The current spate of exciting new symphonies by British composers such as Matthew Taylor and David Matthews might not have evolved without the example of the 11 symphonies of Robert Simpson (1921-1997). A BBC Radio producer (whose legacy includes rescuing the output of an even older symphonist, Havergal Brian), Simpson belied his gentle appearance by producing works of incredible weight, power and logic. His heroes were Carl Nielsen and Beethoven, not known for pulling their punches when it came to pumping out a fortissimo.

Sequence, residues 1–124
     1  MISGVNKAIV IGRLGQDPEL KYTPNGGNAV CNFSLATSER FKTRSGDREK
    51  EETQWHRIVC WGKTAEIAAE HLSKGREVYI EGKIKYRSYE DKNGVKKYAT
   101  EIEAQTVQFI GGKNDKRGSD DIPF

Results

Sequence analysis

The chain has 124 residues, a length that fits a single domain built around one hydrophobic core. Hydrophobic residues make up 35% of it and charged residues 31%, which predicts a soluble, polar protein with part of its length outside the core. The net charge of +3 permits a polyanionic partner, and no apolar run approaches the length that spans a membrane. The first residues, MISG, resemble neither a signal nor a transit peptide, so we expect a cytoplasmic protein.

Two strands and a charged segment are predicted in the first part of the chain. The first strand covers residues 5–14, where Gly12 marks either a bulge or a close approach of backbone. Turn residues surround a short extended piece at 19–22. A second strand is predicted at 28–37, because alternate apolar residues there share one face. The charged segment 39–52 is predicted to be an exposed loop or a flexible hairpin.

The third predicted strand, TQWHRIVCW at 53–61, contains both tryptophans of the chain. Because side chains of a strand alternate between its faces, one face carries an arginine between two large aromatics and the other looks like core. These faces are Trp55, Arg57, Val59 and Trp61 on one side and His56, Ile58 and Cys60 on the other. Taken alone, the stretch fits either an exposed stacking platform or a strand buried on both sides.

Robert Simpson

It is a tonic to revisit Simpson’s work, and respond once again to its strength and intricacy. In these first recordings, made for broadcast by the BBC at the time of the premieres (1972 and 1977 respectively), musical ideas unfold seamlessly – witness the journey from No 6’s mysterious opening to its final stupendous, almost cacophonic march. As punchy and challenging as Simpson’s music is, (try the Molto vivacescherzo of Symphony No 5), structural integrity is always paramount.

Andrew Davis’s performance of No 5 is not quite on a par with Vernon Handley’s 1994...